Datepicker Localisation

I won’t go into web site localisation here. There’s enough on the web about that. Take a look at Scott Allen’s blog for some good stuff there. Here I want to localise just the jQuery datepicker. The jQuery documentation has all the info you need to hard code the language into your datepicker but I wanted to know how to get all that good stuff from the client’s browser or current thread in MVC.

So what they are saying is that if you want to show the datepicker to someone using their browser set to French, then load up the French js file something like this:

<script src="datepicker-fr.js"></script>

I understand that it’s great to have these files as small as possible and loaded only when needed but how do you get to load the correct file if you don’t know where the user is coming from?

Well, I guess you can add the language to the html element. You can do it like this:

<html lang="@System.Threading.Thread.CurrentThread.CurrentUICulture.TwoLetterISOLanguageName">

This will give us a nice lang=”en” property of the html element. However, if you take a look at your windows settings you’ll find there’s a lot more to the languages than just “en”. Here in Blighty we’re well aware that British English is quite different to American English. The default “en” is American English and you get all the American date formats etc. Windows shows us there are 16 english language variants.

So, the country is also important. This is why we need to use the language-COUNTRY setting. However, I don’t see most of those in the jQuery ui svn on google. There are many languages but they don’t hold the variants. The good people at w3c internationalization (i18n) show us how to do it.

We can then use the following – CurrentUICulture.Name – to get our <lang>-<COUNTRY> setting to give the end user the experience they deserve.

<html lang="@System.Threading.Thread.CurrentThread.CurrentUICulture.Name">

However, many of these variants don’t seem to be supported by the URLs at the google svn. So, we need a solution with all the possibilities. This might sound like overkill, but there’s nothing more annoying than being presented with a form to fill in with a strange date format, or a decimal separator that you’re not used to.

You can search the nuget packages for ‘jquery-ui-i18n’ and you’ll find a script that contains all the above variants for the datepicker that we need.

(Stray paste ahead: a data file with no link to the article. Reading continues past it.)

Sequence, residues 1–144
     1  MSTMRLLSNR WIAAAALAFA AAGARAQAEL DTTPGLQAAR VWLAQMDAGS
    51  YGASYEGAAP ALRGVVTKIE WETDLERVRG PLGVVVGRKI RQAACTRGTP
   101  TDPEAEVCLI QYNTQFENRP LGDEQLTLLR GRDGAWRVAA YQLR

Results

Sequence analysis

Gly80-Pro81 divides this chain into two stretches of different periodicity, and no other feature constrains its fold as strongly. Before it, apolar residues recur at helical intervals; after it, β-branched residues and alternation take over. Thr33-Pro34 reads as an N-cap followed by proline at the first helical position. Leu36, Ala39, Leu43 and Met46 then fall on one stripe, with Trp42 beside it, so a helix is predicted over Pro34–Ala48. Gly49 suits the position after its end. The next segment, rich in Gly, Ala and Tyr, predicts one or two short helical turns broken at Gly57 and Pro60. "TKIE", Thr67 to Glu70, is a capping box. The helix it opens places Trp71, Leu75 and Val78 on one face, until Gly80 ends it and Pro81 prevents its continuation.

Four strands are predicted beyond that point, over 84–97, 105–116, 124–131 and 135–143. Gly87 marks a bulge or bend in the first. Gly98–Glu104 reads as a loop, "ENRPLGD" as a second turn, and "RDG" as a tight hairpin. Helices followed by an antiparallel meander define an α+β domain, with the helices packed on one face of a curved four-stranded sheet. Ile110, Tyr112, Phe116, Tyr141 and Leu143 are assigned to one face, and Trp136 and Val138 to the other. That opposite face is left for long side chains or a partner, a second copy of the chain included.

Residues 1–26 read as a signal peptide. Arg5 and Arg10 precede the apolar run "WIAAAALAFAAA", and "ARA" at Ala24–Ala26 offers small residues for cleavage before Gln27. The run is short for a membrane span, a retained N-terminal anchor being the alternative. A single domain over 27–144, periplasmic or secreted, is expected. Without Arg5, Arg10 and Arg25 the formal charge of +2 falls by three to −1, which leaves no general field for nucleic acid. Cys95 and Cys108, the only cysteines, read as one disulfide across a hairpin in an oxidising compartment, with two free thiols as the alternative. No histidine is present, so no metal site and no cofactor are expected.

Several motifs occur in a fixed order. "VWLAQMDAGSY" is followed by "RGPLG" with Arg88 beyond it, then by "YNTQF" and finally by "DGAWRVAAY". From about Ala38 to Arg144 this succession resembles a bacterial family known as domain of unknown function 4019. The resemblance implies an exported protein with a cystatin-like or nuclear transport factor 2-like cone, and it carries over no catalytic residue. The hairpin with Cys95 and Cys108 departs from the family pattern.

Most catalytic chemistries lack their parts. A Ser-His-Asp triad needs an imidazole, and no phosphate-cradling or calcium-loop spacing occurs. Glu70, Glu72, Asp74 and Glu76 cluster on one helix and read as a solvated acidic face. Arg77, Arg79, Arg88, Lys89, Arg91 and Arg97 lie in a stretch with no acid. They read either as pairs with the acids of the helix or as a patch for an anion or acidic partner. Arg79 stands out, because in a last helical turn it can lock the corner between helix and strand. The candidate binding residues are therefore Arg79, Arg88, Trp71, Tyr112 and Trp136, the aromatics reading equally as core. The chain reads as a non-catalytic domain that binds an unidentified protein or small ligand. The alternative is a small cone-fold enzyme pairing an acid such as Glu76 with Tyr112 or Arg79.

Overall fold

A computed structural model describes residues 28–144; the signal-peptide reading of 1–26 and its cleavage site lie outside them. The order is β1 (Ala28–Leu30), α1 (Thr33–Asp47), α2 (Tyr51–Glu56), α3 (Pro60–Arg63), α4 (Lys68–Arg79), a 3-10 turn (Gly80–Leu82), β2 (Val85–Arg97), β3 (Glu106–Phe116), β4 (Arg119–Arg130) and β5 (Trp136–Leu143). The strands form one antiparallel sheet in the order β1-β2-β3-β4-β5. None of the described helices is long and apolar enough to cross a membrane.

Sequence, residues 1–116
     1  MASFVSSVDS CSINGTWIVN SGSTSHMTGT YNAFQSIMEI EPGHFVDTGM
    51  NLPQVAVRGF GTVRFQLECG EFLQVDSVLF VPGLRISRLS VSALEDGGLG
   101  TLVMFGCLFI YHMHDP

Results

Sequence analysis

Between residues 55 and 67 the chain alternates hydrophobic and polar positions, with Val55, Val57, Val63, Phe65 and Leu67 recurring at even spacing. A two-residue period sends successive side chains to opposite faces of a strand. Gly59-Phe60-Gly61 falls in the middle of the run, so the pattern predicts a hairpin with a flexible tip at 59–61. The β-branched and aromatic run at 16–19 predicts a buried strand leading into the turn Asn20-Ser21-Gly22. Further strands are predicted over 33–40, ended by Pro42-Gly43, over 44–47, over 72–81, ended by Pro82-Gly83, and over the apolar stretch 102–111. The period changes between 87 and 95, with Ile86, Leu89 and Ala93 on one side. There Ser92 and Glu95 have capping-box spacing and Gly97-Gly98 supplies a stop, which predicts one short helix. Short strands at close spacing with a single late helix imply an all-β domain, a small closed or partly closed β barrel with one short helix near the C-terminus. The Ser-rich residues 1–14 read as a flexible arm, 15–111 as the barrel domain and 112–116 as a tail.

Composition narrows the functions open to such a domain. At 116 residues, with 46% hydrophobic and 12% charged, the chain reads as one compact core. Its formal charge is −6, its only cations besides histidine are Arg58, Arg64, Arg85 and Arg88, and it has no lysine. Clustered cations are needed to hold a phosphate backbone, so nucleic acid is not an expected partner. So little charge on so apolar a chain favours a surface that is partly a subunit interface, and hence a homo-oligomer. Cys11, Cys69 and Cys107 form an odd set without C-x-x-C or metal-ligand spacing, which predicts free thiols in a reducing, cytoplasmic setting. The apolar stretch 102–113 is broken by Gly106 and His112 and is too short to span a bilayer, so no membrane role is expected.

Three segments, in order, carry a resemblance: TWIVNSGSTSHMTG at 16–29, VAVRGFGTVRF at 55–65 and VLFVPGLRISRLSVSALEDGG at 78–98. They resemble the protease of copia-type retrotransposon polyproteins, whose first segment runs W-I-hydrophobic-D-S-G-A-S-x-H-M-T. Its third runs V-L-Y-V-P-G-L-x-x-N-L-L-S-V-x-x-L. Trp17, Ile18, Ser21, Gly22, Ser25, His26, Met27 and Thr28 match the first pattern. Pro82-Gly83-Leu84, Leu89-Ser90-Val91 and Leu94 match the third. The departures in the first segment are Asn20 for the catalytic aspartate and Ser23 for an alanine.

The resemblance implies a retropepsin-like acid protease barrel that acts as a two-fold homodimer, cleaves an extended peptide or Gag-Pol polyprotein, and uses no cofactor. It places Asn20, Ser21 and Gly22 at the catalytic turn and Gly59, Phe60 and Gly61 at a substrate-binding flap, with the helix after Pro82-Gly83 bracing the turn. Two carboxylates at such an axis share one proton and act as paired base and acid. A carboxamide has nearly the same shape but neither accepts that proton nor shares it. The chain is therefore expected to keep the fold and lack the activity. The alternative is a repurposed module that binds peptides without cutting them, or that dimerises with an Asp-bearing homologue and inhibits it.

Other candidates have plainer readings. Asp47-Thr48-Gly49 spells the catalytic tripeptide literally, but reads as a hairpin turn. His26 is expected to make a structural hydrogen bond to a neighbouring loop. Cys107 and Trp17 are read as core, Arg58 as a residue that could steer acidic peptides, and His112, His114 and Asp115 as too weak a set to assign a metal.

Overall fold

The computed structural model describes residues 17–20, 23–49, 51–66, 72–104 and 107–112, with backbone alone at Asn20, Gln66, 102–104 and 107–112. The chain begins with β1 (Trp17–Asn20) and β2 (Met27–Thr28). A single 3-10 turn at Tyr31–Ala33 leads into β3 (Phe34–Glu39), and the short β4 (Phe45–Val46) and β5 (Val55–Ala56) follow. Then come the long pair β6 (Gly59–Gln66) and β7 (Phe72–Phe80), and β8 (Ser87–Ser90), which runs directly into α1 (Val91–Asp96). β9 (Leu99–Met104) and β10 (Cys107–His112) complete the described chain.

There’s some further reading here by Richard Ishida. I worked at Xerox at the same time as Richard and he was the leading light in everything to do with localisation.

Now we have a script full of translations for the datepicker. We just need to know how to use it.

We can use our immediately called function in contoso.js (see previous post) to grab the language:

    // Grab the language of the html element.
    var lang = $('html')[0].lang;

We can set the datepicker defaults (from the i18n js file) by calling the setDefaults method of the datepicker:

    // default format for the current culture on date pickers

But, even though we have a better set of localisations in the i18n file, we still have neutral language variants instead of the culture provided by .net

For example, we don’t have fr-FR because French for France is the neutral variant. So, if we can’t find the language-COUNTRY variant in the file, we need to drop back to the neutral one.

    // try to get the full language-COUNTRY variant of the user's settings.
    if ($.datepicker.regional[lang] == undefined) {
        // Change lang to neutral language variant. e.g. instead of fr-FR, use fr.
        lang = lang.substr(0, 2);

Also, we can’t use “en” because it’s the default language. We have to send through an empty string.

    // default format for the current culture on date pickers
    $.datepicker.setDefaults($.datepicker.regional[(lang === 'en' ? '' : lang)]);

If we do all this before we turn the text boxes into datepickers:

    // Turn them all into date pickers.

Then, we will have the correct localisation for our datepicker.


In Internet Explorer, with the language priority setting given to fr-FR:

We get:


Localisation is a massive task when creating multi-language web sites. It’s best thought out at the start of the project because it’s a huge effort to come and do it at the end.

As a final note, if you’re using Chrome as the browser you may need to include this fix for it’s validation of localised dates.

Scott Hanselman has some similar thoughts on his blog over here.


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